Two Men on the Bench

An old man sat park bench with his son, kvetching about his healthcare worker.

“You know what she did to me this morning?” asked the old man. “She told me to have a nice day! Who is she to tell me how to live my life?”

“That’s terrible,” said his son, “absolutely terrible. Men who have lived as long as you should be able to have whatever kind of day they want.”

“Exactly! And then she had to nerve to say she’d see me later! What if I don’t want to see her?”

“What if she doesn’t want you to see her? Maybe it was a warning that she’d be watching you.”

“What could there possibly be left to watch? She already comes and bathes me every single day.”

“Ah, so that’s why you smell like a flower.”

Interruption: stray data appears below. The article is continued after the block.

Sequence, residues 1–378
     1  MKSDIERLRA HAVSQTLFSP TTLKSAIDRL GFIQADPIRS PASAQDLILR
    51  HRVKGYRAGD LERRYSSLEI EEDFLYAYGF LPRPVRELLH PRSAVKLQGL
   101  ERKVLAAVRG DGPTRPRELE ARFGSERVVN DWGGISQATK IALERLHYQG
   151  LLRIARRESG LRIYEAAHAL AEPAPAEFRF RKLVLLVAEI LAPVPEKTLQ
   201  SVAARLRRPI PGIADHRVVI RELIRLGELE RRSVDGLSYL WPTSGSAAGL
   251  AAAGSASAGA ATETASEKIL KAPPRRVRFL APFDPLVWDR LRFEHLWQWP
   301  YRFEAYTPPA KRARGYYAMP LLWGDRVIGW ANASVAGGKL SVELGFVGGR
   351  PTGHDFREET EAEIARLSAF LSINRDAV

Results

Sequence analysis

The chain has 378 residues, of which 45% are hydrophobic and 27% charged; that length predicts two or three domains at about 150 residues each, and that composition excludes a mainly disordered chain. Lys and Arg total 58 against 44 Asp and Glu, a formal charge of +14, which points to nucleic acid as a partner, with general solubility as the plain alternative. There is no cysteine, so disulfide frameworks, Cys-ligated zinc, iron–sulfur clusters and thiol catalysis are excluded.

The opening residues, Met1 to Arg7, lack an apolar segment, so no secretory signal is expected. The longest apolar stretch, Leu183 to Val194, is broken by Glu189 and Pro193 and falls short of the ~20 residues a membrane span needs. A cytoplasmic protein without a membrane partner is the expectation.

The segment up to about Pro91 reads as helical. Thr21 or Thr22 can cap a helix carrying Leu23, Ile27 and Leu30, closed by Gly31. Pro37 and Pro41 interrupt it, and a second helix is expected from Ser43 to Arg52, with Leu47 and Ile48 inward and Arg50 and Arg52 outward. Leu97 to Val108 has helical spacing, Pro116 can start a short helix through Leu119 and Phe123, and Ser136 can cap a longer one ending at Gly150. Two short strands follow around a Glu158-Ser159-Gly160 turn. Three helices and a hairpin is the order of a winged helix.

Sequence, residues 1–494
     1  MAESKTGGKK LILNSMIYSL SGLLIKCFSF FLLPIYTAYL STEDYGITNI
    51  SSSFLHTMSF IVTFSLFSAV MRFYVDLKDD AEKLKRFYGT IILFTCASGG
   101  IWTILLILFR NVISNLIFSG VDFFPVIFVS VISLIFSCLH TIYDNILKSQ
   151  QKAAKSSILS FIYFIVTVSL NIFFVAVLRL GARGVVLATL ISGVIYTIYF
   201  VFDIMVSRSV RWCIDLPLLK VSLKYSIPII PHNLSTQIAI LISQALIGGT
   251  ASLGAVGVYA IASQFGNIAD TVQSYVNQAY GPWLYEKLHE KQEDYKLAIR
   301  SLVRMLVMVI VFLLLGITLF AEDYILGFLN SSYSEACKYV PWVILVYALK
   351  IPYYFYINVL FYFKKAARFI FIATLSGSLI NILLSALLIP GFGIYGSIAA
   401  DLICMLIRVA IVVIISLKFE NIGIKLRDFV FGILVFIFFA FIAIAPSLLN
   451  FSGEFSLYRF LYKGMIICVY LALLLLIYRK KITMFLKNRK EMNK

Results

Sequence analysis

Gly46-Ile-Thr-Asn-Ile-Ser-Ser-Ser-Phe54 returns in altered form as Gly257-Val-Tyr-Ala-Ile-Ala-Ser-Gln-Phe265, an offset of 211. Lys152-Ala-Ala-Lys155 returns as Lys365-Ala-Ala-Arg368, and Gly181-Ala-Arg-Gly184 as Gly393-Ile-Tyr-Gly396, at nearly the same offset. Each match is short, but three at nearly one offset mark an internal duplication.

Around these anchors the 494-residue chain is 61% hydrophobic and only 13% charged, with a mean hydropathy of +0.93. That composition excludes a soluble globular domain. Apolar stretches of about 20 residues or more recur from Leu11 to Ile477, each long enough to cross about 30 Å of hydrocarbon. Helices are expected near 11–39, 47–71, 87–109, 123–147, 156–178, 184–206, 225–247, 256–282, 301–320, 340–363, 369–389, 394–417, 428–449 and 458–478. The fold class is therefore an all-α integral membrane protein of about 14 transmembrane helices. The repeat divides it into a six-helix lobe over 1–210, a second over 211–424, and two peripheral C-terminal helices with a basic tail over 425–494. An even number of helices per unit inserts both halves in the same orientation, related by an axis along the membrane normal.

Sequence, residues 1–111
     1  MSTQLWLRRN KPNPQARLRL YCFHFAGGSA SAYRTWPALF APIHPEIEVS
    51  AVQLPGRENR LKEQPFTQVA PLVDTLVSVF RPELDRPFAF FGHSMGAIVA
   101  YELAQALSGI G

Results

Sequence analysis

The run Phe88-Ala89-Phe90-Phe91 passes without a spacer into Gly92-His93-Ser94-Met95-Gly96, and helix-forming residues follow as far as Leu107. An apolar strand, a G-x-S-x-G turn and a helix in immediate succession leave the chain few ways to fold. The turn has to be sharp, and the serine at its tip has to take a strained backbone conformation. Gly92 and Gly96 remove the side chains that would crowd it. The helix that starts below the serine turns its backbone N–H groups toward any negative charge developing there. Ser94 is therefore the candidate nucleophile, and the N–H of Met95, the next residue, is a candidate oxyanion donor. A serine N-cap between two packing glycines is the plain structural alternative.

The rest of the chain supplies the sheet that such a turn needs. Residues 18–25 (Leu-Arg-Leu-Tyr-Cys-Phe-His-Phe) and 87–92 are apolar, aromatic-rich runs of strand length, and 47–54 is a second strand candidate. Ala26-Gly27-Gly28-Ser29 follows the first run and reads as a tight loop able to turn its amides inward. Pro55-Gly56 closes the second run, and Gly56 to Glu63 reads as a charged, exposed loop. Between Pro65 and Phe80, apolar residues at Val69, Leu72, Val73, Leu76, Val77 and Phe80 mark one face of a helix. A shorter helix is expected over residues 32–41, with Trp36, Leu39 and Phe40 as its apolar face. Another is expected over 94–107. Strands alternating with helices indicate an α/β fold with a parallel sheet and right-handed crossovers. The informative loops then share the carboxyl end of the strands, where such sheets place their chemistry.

“A flower?!”

“Yeah, you smell all nice and… clean.”

“Bah, there you go! A man’s not supposed to smell like a morning daisy, he should smell like whiskey or smoke or something manly. How am I supposed to smell manly if she keeps washing me?”

“Good point, good point. I shudder to think what else she does to you and your manliness.”

“Well, that’s clearly not all. Almost every day she makes me tell her stories about my life like I’m a goddamn library. And she sits there and listens and asks questions.”

“Clearly an awful person, that one.”

“Exactly. She says she’s genuinely interested, that she thinks my stories are funny.”

“Like a knife through the heart.”

“And speaking of flowers… she keeps bringing me flowers she picked on the way to my house! Says they liven up the place and hopes they’ll add some sunshine to my life.”

“She’s decorating the place before you’ve even keeled over!”

“Exactly! I tell ya, I don’t know why she keeps coming.”

“Me neither, dad, me neither…. But I’m glad she does.”

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